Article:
Commentary On Brave New World Essay

Commentary On Brave New World Term paper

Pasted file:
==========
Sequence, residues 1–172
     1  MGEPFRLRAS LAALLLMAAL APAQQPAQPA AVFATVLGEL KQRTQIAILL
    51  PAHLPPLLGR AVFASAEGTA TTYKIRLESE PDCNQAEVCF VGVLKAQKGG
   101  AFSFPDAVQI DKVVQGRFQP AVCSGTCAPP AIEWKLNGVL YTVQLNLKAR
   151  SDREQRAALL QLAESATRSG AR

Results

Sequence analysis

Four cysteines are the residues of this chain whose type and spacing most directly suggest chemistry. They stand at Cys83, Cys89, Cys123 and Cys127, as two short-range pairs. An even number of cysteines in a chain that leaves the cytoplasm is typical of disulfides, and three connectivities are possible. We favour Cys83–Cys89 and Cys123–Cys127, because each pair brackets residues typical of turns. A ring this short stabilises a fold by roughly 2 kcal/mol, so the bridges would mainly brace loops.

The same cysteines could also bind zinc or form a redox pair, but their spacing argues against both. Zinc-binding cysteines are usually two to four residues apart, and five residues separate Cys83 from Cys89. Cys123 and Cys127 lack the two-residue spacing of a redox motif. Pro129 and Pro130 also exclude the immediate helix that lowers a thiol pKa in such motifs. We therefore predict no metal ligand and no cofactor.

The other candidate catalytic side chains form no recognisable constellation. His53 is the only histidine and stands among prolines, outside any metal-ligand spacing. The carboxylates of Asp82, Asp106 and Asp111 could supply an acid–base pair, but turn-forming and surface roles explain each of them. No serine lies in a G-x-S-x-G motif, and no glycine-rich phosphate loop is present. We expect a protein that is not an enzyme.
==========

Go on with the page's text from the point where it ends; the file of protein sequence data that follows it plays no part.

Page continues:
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COMMENTARY ON BRAVE NEW WORLD In chapters four through six of brave new world Christianity is shown to be unnecessary."People," as Birnbaum states, "are never taught religion, and are conditioned so they'll never be alone and think about the possibility of God…" (3). The creation of a religion is almost similar to an act of artistic expression ;as it requires an enormous amount of emotion and individual belief. With an idea of a higher being and consequently an idea of a more important aspect of life than just remaining stable would be detrimental to the utopian world. Instead of pondering an afterlife, the citizens remain true to their society which is shown when a character states, "Fine to think we can go on being socially useful even after we're dead," (49). In chapters seven through ten Emotions are thus controlled in Brave New World. Control and stability can best be achieved when everyone is happy. The government does its best to eliminate any painful emotion, which means every deep feeling, every passion, is gone. Huxley shows that the government recognizes the dangers of negative emotions when the controller states, "Actual happiness always looks pretty squalid in comparison with the over-compensations for misery" (150). In chapters fifteen through eighteen the society in Brave New World lacks of spirituality and Christianity. The pleasure-seeking society pursues no spiritual experiences or joys, preferring carnal ones. The lack of a religion that seeks a true transcendental understanding helps ensure that the masses of people, upper and lower classes have no reason to rebel. What religious ritual they have begins as an attempt to reach a higher level of understanding as a community but quickly turns into a chance to please the carnal nature of man through orgiastic ritual. This denies the human soul, which is usually searching for a pleasure not experienced in the flesh but in the mind, and preserves the society based on happiness which they have established. In chapters fifteen through eighteen John, the Savage, has no other choice than to commit suicide. It is of course a sin, but John either doesn't know that since he's had no real formal religious instruction, or he knows it and chooses to take his life anyway. He has no place in the society he lives in which is based on pleasure and happiness. The society in which he grew up was a traditional society with fundamentally different values, including the idea of sacrifice. One would like to see John return to his home on the reservation, but even there he was an outcast because of his illegitamate birth and his mother's loose morals, so this is Impossible.

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